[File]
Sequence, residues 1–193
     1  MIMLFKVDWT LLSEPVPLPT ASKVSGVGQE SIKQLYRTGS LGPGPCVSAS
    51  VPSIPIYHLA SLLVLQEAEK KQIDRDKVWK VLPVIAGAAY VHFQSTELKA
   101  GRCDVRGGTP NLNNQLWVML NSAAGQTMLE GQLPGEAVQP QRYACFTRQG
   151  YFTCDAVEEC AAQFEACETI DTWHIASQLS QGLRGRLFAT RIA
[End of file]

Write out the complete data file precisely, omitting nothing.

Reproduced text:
Sequence, residues 1–193
     1  MIMLFKVDWT LLSEPVPLPT ASKVSGVGQE SIKQLYRTGS LGPGPCVSAS
    51  VPSIPIYHLA SLLVLQEAEK KQIDRDKVWK VLPVIAGAAY VHFQSTELKA
   101  GRCDVRGGTP NLNNQLWVML NSAAGQTMLE GQLPGEAVQP QRYACFTRQG
   151  YFTCDAVEEC AAQFEACETI DTWHIASQLS QGLRGRLFAT RIA